More pain radiated through him. His stomach roiled and threatened to upchuck. He took several deep breaths until the pain became bearable and his struggle for air less harsh. The pressure against the wound would halt the bleeding, and, if he got really lucky, maybe even numb his arm.

He’d barely had time to regulate his breathing before Keri returned. She shouted a final goodbye as she climbed behind the wheel, slammed the door and set the locks. Next he heard the whir of her window being closed. She switched on the radio, and country music blasted at a deafening volume.

Nick offered another silent prayer. With the radio blaring, any noise he made would go unnoticed. He might be able to get some desperately needed rest.

Once the pain in his shoulder had dulled to a slow throb, total exhaustion settled in. It was a relief to be off his feet and safely hidden even in such a cramped position. He didn’t know where his unsuspecting hostess planned to go, but he hoped it was far, far from home.

Then, if luck held out a little longer, she’d decide to get a good night’s rest before unloading the SUV. Given a little time, he would be long gone. She’d never have to know she’d helped him escape.

His satisfaction with the situation wavered when the vehicle made a sharp right turn, throwing him sideways. He stifled a groan, adjusted his position and braced his foot against the opposite door so it wouldn’t happen again.

The sheriff’s daughter had a lead foot and had a reckless streak behind the wheel. Her driving habits probably gave everyone in town fits. From what he’d overheard in his short stay, every member of the tight-knit community concerned him or herself with Miss Merritt’s welfare.

Her petite stature gave the impression of fragility, but she looked healthy and capable to him. She had big hazel eyes and light brown hair cut in a short, sassy style. Her chin had a stubborn set to it, warning people not to mess with her. Nothing about the lady hinted at weakness or vulnerability.

Having met more than his fair share of trauma nurses, he knew most of them had more stamina than men twice their size. Still, this one seemed to appeal to everyone’s protective nature.

Nick felt a change in their motion once they’d cleared the corporation limits and headed down the highway. They made no more stops and starts at intersections or sharply turned corners. The lights of town faded and a more intense darkness settled over him as the SUV picked up speed. He empathized with Keri in her desire to leave Thornsbury, Tennessee and its residents behind her. If he never set foot in the town again, it would be too soon.

Within a few miles, they’d probably be running into the first roadblock. He didn’t know how the authorities were dealing with his disappearance, but he’d be considered armed and dangerous. They’d probably labeled him a person of interest in the investigation of Don Monroe’s shooting. If Don survived, the charge would be aggravated assault of a law enforcement officer. If he died, suspicion of murder. Nick prayed his old buddy had survived.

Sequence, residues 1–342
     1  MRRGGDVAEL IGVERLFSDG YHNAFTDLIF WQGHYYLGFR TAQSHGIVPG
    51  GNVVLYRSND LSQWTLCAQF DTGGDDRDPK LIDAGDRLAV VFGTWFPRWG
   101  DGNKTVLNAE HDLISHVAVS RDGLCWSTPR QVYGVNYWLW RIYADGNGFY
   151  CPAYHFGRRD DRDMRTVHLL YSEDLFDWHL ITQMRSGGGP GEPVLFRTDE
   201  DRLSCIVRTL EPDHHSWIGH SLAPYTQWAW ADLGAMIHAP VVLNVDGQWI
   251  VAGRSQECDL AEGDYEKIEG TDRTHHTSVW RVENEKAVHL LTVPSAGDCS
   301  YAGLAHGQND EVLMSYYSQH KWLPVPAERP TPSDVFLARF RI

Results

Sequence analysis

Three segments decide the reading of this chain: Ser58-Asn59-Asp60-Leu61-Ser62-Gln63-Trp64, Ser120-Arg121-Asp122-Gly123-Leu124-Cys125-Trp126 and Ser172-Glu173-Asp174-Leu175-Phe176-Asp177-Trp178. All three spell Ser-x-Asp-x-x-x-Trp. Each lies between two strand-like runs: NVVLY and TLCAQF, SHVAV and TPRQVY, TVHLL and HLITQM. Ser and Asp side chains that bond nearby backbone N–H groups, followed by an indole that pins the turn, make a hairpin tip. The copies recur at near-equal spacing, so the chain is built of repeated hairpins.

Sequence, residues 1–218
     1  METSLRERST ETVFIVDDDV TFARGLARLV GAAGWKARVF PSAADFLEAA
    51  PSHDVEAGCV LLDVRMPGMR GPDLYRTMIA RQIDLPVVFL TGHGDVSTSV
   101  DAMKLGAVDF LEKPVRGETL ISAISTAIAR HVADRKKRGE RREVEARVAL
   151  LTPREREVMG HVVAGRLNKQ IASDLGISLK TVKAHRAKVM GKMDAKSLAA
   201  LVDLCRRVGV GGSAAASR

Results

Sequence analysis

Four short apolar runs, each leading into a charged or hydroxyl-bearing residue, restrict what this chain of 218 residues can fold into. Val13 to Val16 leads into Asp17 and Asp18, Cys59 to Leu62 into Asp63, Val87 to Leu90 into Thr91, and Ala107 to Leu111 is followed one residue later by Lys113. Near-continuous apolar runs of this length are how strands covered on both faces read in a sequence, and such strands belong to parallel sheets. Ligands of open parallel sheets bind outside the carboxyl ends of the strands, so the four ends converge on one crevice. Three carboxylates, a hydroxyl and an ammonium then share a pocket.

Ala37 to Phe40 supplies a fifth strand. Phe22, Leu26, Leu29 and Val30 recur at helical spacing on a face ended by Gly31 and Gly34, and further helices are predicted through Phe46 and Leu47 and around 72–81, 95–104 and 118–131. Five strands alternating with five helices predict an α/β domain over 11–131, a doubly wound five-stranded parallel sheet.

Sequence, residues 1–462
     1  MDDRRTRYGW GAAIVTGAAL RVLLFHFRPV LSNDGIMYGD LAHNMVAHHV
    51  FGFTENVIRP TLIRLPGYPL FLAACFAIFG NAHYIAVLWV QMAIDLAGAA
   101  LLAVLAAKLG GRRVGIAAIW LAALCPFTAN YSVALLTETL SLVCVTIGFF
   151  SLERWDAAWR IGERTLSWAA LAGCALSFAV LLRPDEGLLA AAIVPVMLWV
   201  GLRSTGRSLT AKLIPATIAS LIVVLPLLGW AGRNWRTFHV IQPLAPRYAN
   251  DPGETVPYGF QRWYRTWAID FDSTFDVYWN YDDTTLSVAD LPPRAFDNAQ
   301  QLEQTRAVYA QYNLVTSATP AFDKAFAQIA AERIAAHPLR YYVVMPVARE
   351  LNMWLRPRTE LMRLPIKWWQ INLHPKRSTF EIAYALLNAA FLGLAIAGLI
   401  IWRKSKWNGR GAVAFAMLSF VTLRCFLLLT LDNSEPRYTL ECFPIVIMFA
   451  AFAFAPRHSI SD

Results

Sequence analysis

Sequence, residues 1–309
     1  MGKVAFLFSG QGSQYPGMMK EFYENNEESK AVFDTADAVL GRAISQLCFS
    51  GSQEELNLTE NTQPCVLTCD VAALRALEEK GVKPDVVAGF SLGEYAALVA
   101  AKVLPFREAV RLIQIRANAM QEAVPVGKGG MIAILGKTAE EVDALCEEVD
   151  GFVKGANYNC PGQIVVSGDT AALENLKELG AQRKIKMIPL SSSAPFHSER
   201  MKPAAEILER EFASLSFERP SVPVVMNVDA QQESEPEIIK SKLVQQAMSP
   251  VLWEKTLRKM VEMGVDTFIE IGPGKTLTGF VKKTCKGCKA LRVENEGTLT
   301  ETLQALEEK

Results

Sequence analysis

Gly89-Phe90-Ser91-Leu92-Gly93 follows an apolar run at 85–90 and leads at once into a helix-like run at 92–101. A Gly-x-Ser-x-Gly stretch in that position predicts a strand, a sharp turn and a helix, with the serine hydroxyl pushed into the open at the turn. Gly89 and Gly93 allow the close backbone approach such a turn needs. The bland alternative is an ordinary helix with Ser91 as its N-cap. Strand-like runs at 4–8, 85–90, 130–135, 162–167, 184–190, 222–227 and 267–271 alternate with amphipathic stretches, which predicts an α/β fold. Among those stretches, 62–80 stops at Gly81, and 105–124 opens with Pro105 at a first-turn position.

When the SUV began a gradual slow down, he tensed again, figuring they’d encountered a roadblock. Who would be at this particular post? The county sheriff’s deputies or the state highway patrol?

He didn’t have long to wonder. The volume on the radio went low, the power window whirred and Keri called out into the night.

“Hey, big brother, don’t you have anything better to do on a Saturday night than stand by the side of the road?”

Nick recognized Deputy Jack Merritt’s voice as he approached the vehicle.

“Hey, Sis, I expected you through here an hour ago.” When he stepped closer, he added, “You look totally wiped. Are you sure you want to drive up to the cabin after back-to-back shifts? Why don’t you go home and get a few hours’ sleep first?”

“I don’t need sleep, I need distance,” she argued. “You know it takes me longer to unwind after working sixteen straight.”

“Have a hard time getting away tonight?”

“You’d think I was leaving home for good instead of just going on vacation.”

“Everybody had another word of advice to offer?”

“A word or two or a million,” she teased. “Including our father who called one last time.”

“He worries.” Jack excused their dad’s behavior.

“Do you have a legitimate reason for delaying me, Deputy, or are you just bored?”

“We still haven’t tracked down Lamanto.”

“He has to be long gone or the dogs would have caught up with him by now,” she said.

“They lost his scent near the stream and cost us valuable time. They picked it back up again near the highway, but I’m guessing he hitched a ride or had an accomplice waiting for him somewhere close. How’s Deputy Monroe?”

“Holding his own but critical,” Keri explained. “I thought the visiting cop was a friend of Monroe’s. What reason would he have to shoot him?”

Nick’s pulse raced at the news that Don was still alive.
Live, buddy, live
, he silently chanted while cheering Keri’s reasoning. Why would he shoot the friend he’d come to visit?

Then he heard Jack’s response.

“There’s always a chance Lamanto turned bad. It happens a lot to those vice guys. He could be a front man for organized crime, trying to set up some operation in our area.”

Nick clenched his teeth as blood rushed hotly through his veins. Bigoted bastards. Because of his heritage, people always wanted to link him to organized crime. It had worked to his benefit for undercover ops, but it annoyed the hell out of him when he risked his life to fight that sort of crime. Folks in this area would be quick to judge him. To most of them, he was a foreigner from the big, bad city.

“You think Monroe and Lamanto are involved with something illegal?”

“Don’t know,” said Jack, “but we aim to find out as soon as Monroe recovers or we find Lamanto. You didn’t pick up any passengers on the way out of town, did you?”

“Nary a one.”

Nick could tell Jack was scanning the contents of the SUV with a high-beam flashlight. He didn’t so much as twitch.

“You’re welcome to unpack the whole car if you’d like,” Keri taunted her brother, “but then you’ll have to repack it exactly the way you found it.”

Jack groaned. “Nobody could pack the way you do. Don’t you know it’s unnatural to be so damned organized?”

Soft, feminine laughter floated back to Nick. For the second time in the space of an hour, he felt himself being enchanted by the husky sound. It eased some of the tension from his weary body.

“I’d rather be unnatural than never be able to find a clean pair of underwear when I want them.”

Nick knew Keri kept house for her dad and brother. She probably didn’t abide clutter or disorganization.

BOOK: Stowaway
7.01Mb size Format: txt, pdf, ePub
ads